The first ‘bookmark-able’ version of our weekly policy, news and data roundup for Australian local government. From fuel cells to deadly mushrooms, electronic ID and rezoning.
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Two-month prescription plan to go ahead
The Federal Government’s plan to allow patients with chronic conditions to purchase two months of medicine for the price of one will go ahead. The changes will proceed after the Senate voted down a Coalition attempt to block the dispensing plan. The move is estimated to save six million Australians up to $180 a year for each prescription, and save more than $1.6 billion over four years. The changes are supported by doctors’ groups such as the Australian Medical Association as well as patient groups, such as the Consumer Health Forum.
Deal signed to trial hydrogen fuel cell waste collection truck
An Agreement has been signed by clean energy company Pure Hydrogen Corporation and Australian company Solo Resource Recovery for a hydrogen fuel cell electric waste collection truck to service municipal contracts in NSW. The agreement allows for a six-month trial of the vehicle, during which time Pure Hydrogen will provide maintenance services and supply the hydrogen. The truck will produce zero greenhouse gas emissions while operating, resulting in better air quality for local communities, and it is expected to be much quieter than conventional waste collection trucks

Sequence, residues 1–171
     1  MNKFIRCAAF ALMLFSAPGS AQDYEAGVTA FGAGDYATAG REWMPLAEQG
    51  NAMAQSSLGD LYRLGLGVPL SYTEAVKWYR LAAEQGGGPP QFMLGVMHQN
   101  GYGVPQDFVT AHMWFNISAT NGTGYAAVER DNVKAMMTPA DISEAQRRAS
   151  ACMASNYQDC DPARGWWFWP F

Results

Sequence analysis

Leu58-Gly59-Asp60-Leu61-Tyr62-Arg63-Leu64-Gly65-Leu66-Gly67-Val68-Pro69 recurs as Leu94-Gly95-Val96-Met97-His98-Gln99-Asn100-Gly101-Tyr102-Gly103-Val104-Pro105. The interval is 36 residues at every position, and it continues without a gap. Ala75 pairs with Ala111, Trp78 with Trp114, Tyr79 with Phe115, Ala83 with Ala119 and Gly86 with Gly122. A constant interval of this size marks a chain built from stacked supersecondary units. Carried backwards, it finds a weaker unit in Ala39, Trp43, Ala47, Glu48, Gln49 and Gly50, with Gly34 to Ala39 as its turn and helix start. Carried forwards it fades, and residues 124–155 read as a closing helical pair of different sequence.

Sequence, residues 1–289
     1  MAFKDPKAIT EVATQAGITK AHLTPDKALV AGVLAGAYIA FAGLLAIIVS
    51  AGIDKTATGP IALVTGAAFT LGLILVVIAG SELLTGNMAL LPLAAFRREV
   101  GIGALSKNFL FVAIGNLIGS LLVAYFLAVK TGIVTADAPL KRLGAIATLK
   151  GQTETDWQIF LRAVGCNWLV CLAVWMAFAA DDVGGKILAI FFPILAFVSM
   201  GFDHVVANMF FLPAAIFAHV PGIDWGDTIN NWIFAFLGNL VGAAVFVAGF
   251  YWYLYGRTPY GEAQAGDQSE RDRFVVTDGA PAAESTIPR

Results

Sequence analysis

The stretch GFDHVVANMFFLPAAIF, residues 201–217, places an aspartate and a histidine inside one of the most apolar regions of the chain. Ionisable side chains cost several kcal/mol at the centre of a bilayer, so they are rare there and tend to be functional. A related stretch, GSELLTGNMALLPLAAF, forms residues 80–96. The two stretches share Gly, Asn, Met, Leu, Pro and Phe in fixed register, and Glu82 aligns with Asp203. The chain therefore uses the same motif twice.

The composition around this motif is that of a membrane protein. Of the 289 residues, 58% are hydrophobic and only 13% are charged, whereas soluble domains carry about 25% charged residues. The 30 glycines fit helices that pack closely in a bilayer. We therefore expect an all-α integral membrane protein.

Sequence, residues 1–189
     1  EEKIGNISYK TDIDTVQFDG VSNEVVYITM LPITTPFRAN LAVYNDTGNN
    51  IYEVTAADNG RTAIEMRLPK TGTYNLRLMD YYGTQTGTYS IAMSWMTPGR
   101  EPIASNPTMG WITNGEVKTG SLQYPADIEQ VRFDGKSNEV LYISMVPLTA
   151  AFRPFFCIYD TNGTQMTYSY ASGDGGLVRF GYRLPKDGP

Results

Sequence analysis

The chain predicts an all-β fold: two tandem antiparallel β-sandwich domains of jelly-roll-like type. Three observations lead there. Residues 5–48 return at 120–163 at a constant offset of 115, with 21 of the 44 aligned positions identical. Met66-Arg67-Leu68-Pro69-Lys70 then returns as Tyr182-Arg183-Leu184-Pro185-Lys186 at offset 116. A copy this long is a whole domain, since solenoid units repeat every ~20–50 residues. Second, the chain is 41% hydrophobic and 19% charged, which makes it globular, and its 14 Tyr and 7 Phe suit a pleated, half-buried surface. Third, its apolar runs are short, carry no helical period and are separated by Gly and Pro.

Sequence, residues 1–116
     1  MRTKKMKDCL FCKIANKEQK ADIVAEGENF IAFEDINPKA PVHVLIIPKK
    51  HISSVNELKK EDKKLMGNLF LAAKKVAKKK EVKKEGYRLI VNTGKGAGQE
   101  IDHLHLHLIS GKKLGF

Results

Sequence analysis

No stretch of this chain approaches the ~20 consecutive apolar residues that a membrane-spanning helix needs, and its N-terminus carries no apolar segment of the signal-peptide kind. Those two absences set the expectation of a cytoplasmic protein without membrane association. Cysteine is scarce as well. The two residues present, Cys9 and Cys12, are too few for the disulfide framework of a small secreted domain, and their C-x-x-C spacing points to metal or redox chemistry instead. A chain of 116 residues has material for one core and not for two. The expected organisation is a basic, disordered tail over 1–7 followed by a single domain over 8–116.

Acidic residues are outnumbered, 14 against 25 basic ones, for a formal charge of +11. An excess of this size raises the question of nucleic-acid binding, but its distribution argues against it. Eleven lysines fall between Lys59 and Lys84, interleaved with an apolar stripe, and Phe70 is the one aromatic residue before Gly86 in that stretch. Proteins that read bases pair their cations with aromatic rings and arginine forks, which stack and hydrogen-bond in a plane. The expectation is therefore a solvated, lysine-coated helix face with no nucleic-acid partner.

Council places warning signs about mushroom toxicity
Melbourne City Council has placed warning signs in an iconic Melbourne spot after the deaths of three people who ingested toxic mushrooms. The victims ate a beef wellington pie prepared by a former daughter-in-law, who is currently under police investigation. Melbourne City Council has taken further action by placing physical signs along the Yarra River. “Death cap mushrooms and yellow staining mushrooms are currently growing in this park”, the signs read, adding: “These are extremely toxic to humans and pets if eaten”.
Sky News AU
The state of loneliness and social connection in 2023
This new study seeks to better understand the distribution of social connection across Australia, examining the relationships between social isolation and physical and mental health, quality of life, productivity, stigma, community knowledge, and health service use. Based on insights from over 4,000 people, this report reviews the knowledge and feelings of shame towards loneliness in Australian society. It recommends the following to tackle loneliness: Building our understanding of loneliness through scientific research, normalising conversations about loneliness, empowering communities to help each other, and establishing a peak body on social isolation.
Ending Loneliness Together
See our Global Local bulletin on loneliness and how local governments in different contexts are supporting more connection.
Senate report calls for subsidised mental health care for students